Dumpster diving bear killed, prompting more safety talks

Community members write urging to city council to take action

A black bear tries to get into a dumpster after recent modifications had been made near the Copper River Seafoods processing plant. Photo courtesy of Copper River Seafoods

At 2:30 p.m. on Aug. 8 a barrel trap, set by the Alaska Department of Fish and Game, was placed near a dumpster at the Copper River Seafoods processing plant in Cordova. By 5 p.m. a black bear was trapped, and a crowd had gathered. People began filming, taking photographs and surrounding the cowering bear. Within the hour, the bear was fatally shot by Alaska Wildlife Troopers.

“To me, it’s like baiting bears into town, expecting them not to fall for it and then killing them because of it,” Charlotte Westing, Prince William Sound area wildlife biologist, with the Cordova office of ADF&G, said. “People think if we kill bears, we will solve the problem … it’s not sustainable.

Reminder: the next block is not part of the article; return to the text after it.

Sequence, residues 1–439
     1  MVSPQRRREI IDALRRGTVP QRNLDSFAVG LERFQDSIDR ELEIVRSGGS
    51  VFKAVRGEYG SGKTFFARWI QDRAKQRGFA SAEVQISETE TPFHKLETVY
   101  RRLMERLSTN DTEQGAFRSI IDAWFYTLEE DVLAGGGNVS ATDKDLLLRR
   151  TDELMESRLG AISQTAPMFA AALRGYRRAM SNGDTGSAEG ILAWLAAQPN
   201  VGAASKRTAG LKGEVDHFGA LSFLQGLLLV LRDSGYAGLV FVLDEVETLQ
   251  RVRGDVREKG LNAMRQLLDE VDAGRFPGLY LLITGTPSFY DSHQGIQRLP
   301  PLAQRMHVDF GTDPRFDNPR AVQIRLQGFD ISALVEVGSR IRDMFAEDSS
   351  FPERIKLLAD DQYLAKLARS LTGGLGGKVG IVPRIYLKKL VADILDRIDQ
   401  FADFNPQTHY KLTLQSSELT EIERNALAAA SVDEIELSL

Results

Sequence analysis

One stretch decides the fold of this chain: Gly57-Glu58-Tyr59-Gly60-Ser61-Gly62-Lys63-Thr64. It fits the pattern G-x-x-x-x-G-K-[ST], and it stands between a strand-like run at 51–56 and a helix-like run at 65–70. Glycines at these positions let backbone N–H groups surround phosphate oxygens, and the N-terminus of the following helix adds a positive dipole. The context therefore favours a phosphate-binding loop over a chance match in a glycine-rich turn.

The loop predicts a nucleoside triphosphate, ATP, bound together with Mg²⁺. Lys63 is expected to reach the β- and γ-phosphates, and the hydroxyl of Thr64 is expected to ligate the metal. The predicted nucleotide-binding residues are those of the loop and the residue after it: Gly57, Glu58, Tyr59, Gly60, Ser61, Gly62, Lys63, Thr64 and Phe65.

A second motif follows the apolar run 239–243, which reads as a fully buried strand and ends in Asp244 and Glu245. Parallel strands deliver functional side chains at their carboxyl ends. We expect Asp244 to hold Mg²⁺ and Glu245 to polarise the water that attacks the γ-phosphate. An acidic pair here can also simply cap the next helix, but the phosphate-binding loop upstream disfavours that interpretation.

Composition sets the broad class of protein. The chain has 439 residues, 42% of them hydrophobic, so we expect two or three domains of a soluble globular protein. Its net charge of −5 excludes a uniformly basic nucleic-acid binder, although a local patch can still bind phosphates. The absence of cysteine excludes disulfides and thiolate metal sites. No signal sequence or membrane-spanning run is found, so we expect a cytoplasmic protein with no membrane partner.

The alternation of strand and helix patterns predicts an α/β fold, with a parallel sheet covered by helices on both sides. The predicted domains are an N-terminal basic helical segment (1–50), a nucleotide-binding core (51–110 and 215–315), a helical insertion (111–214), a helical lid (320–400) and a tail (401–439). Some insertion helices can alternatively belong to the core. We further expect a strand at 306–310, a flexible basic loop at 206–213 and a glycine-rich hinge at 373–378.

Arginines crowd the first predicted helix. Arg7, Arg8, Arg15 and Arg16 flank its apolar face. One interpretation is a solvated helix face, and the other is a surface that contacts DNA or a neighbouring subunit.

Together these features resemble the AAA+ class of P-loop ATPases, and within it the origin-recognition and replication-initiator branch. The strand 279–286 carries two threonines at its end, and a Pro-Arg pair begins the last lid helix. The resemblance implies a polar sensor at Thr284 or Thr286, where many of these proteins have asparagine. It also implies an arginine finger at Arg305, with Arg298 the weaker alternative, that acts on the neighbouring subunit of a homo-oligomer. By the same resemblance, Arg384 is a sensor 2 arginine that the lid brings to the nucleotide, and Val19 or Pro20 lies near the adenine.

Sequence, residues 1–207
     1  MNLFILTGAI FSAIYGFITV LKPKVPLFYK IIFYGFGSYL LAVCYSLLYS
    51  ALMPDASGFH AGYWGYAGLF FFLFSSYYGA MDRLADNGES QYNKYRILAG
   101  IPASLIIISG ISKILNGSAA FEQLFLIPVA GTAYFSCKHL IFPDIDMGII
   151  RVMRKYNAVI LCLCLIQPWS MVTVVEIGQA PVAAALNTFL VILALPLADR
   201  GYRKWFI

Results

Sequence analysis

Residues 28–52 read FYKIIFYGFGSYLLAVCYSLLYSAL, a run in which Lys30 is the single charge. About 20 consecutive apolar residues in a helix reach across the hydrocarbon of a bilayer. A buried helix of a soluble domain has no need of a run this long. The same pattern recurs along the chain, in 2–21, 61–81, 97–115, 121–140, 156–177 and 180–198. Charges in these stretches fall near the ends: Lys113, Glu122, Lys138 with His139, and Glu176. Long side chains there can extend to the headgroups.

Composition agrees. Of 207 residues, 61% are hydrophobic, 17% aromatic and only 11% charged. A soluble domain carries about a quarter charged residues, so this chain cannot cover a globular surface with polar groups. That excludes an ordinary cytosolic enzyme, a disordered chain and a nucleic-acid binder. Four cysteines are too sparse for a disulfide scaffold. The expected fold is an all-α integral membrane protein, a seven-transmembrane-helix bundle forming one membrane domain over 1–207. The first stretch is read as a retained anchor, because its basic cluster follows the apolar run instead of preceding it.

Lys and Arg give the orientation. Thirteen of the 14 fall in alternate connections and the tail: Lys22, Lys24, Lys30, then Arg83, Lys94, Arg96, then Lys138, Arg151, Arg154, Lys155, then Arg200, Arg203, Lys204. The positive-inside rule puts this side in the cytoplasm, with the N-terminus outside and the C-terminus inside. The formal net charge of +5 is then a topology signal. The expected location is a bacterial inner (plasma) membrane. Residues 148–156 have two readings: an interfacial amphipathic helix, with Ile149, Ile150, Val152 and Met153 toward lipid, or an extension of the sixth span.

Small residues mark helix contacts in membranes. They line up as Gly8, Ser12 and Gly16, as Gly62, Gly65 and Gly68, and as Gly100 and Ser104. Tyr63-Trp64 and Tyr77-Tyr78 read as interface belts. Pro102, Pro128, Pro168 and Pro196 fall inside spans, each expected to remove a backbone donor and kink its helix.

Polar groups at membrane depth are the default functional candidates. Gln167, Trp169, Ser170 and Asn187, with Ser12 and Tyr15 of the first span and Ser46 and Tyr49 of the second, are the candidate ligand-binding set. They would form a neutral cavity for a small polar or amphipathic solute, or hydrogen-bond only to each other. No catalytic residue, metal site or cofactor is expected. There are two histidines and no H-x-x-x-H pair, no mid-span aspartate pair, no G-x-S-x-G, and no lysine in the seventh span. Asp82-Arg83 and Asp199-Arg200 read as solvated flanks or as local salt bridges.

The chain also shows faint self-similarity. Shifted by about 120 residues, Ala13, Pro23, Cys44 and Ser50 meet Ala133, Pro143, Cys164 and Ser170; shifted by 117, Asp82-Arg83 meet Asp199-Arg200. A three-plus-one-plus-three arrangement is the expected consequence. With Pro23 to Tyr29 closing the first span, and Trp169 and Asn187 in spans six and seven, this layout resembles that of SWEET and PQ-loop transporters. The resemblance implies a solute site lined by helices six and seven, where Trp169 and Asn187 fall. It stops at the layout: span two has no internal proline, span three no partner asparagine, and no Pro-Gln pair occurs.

“We live in a community with two species of bears and we are decades behind other bear saturated communities in our prevention measures,” she said.

The sow, who weighed roughly 200 pounds, was killed after it continued to seek food from the dumpster. The dumpster was modified with a metal bar to prevent the plastic lid from being opened. The dumpster was secured after the bear found it as a food source, Westing said.

Many people have suggested relocation of bears as a solution, as was done in the ’80s.

A brown bear that was relocated to Montague Island, nearly 70 miles from Cordova, found its way back to town, she said, adding that relocation causes stress for the animal, is expensive and simply prolongs death.